I recently read an article from The Wall Street Journal based on an interview with Stanford historian David Kennedy (1). The theme of the article, as well as the PBS production interviewing Kennedy and Condoleezza Rice, questions whether the new immigrant motivation and experience echoes that of the past. Since most of us are immigrants or come from immigrant families—one or many generations ago—the American Creed that they discuss should be familiar: We live in the United States because there are opportunities here that we wouldn’t have elsewhere. We want to make sure that our children have those same opportunities.
I am an emigrant from Canada and I believe there is more to this creed. Emigrants from a country are, by definition, different from those that stay behind. There is something in a person that allows them to take that big, big step—to leave everything they have known and the people that are like them, and move to a foreign land. It’s not all positive attributes; It can speak to restlessness, desperation or fear that can drive the courage to make that big move. The operative word is courage. The American Creed includes the willingness to take big, sometimes life-threatening risks, to begin a new life; to take advantage of the opportunities that are present here.
My own immigration decision was not as explicit. I came to America from Canada to marry an American. However, I did feel that I would be swimming in a bigger pond, and that would bring more challenges and more opportunity. As I look back almost forty years after my immigration, I think it’s likely that I have been able to accomplish more and make more of a difference with my life here in this bigger, more open pond.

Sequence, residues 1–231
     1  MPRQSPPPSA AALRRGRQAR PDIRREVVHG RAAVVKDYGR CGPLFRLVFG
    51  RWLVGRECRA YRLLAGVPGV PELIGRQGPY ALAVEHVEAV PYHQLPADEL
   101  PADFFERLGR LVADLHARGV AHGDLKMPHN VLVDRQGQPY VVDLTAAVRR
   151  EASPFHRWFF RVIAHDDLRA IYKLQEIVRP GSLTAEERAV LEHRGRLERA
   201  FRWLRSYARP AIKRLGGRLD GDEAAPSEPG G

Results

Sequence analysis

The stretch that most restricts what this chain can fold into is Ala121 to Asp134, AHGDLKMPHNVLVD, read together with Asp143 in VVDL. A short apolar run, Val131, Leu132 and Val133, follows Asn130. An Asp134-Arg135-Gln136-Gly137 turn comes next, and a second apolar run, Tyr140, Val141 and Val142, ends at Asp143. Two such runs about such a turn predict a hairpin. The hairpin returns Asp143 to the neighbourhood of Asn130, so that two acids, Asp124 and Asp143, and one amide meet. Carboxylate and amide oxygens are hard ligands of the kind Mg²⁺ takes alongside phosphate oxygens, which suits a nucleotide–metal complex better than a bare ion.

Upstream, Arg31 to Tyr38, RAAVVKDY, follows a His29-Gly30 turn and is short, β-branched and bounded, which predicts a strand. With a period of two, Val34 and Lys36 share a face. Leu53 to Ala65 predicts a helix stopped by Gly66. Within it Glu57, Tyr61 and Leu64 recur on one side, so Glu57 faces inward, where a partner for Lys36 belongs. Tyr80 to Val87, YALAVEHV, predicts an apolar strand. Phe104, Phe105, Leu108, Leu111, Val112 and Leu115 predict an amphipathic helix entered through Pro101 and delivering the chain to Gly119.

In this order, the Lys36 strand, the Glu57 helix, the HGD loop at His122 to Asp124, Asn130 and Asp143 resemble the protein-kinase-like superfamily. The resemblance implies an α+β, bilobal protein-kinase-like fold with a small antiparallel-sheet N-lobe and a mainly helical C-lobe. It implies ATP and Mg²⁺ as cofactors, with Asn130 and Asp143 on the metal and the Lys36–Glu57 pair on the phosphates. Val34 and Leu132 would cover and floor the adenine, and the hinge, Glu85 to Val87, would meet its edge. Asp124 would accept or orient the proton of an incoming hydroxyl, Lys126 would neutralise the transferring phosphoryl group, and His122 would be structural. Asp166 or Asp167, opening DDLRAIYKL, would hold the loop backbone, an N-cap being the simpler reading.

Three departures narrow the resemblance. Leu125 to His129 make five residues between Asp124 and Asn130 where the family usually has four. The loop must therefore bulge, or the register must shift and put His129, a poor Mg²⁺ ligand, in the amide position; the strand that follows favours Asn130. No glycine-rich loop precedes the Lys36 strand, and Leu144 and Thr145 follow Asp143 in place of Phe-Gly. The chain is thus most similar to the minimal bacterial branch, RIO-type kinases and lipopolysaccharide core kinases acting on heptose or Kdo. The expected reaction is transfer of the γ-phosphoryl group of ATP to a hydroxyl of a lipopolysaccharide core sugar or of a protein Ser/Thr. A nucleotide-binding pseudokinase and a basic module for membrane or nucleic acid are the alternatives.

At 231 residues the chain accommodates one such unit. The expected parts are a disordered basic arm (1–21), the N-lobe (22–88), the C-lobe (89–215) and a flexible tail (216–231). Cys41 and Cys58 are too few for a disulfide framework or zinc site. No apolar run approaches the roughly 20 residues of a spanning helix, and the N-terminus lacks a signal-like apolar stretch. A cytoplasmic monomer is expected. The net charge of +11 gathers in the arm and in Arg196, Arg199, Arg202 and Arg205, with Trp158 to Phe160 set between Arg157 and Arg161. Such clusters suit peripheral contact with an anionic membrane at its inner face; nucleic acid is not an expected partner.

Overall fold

I made another discovery early in my immigrant experience. I believe that yet another part of the American Creed is making a difference for others. This is not something that I had previously defined as American—I thought it was all about liberty and freedom. After I arrived here, I had several experiences that really drove this point home. I realized over time that most of the people I knew in America were extraordinarily generous in their financial giving to social service causes, with everything from donations to the Salvation Army, to local hospitals, to refugee resettlement. At the time, I attributed this to a strong sense that the government was not capable and therefore we all individually had to do our part. After all, Canadians would say, more often than not, that the government will take care of it. But I think more than this was a sense that we are in fact the government and that we have this responsibility to care for others. We ourselves need to make a difference.
Recently, I have been volunteering with one of the many social service agencies in the Boston area who support new immigrants with English language and other skills needed for successful integration into our life here. As I practice English language skills with people from Africa, Asia and South America, I sense that they, like I, subscribe to the creed.
I see it at UMass Boston and the Osher Lifelong Learning Institute where I have met many people like me. Whether their grandparents came here generations ago, or whether, like me, they have made the journey themselves, we have these things in common: We are restless, we are courageous, and we want to make a difference. We subscribe to the American Creed.